Three Italian-American brothers, living in the slums of 1940's New York, try to help each other with one's wrestling career using one brother's promotional skills and another brother's con-artist tactics to thwart a sleazy manager.
Johnny Kovak joins the Teamsters trade-union in a local chapter in the 1930s and works his way up in the organization. As he climbs higher and higher his methods become more ruthless and ... See full summary »
God has had just about enough of the human's attitude so he will destroy the planet very soon. It is up to a struggling inventor and a bank teller, both with very amateur criminal minds, to... See full summary »
Lincoln Hawk (Stallone) is a struggling trucker who arm wrestles on the side to make extra cash while trying to rebuild his life. After the death of his wife, he tries to make amends with ... See full summary »
Cameo: Richie Sambora, Bon Jovi guitarist, appears in the film as a Frank Stallone band member in the scene which Tony Manero visits Jackie as she rehearses at the club. See more »
When Tony is pacing the lobby waiting for the phone call; tape is visible on the floor, marking where he is supposed to stop and turn around. In wide shots, the tape is gone. See more »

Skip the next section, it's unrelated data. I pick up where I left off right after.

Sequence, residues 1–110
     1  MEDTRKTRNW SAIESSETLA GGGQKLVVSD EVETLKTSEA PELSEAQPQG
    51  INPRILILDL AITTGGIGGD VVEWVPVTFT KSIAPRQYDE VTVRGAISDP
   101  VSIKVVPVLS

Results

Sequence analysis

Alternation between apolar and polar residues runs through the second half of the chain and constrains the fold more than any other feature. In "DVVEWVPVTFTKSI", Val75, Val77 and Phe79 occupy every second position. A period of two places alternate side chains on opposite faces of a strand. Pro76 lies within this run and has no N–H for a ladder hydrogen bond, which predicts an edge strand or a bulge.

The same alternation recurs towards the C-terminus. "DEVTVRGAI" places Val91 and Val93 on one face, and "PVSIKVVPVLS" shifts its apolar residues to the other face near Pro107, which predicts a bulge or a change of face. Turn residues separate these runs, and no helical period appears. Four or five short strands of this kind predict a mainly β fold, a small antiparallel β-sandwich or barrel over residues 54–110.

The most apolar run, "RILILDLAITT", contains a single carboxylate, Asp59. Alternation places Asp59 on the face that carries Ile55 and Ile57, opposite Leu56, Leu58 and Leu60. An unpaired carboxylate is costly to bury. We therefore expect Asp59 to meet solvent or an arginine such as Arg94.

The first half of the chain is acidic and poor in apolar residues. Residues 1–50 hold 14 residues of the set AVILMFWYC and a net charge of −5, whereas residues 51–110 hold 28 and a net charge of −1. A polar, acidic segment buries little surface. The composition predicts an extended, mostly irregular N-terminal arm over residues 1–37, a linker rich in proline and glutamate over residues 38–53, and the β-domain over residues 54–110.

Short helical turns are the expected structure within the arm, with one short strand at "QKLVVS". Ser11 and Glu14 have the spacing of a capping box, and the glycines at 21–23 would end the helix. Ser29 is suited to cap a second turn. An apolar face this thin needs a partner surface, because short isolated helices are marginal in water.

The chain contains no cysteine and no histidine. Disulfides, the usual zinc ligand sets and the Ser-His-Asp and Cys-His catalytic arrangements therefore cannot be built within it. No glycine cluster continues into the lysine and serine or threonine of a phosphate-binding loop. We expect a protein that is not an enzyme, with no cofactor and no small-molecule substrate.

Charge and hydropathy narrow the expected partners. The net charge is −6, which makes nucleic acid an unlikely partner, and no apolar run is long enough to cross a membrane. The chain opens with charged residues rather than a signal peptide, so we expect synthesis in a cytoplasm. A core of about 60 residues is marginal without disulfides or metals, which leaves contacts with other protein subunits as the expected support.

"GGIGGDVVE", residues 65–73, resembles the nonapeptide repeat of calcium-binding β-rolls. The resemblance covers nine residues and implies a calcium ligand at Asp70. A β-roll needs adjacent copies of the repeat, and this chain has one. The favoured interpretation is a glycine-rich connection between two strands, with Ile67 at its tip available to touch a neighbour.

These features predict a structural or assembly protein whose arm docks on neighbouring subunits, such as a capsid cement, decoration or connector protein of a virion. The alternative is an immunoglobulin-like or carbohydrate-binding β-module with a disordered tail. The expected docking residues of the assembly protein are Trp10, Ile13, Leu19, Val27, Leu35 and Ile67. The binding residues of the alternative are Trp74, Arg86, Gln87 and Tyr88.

Who do you think you're dealing with... some little groupie who jumps when you call? Is that who you think I am? We met, we made it. What do you think it was? True love? And you say I used you, but what about you using me? Everybody uses everybody, don't they?
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I would give Staying Alive 1 star for actual goodness, and 10 stars for being in that rare category of movie that is so awful it's great. I will say that John Travolta is good dancer and his character is actually rather well portrayed here. But the film itself: ZOMG. The dance sequences are cheesy as hell. I have almost hurt myself from laughing so hard. It's like everyone in the movie lives in a world where cruise ship shows are considered the apex of entertainment. The script is a knock off of a knock off of a knock off of 42nd Street, with obvious rip-offs of All That Jazz. The choreographer character is straight out of the book of Hollywood clichés. The love triangle is as flimsy and transparent as used Saran wrap. The songs are all ridiculously over-earnest, especially the echo-laden 'Dance Close to the Fire' sequence. But I gotta say: watching this is pure joy. Pure 'oh my god I can't believe I'm watching this' guilty pleasure joy.
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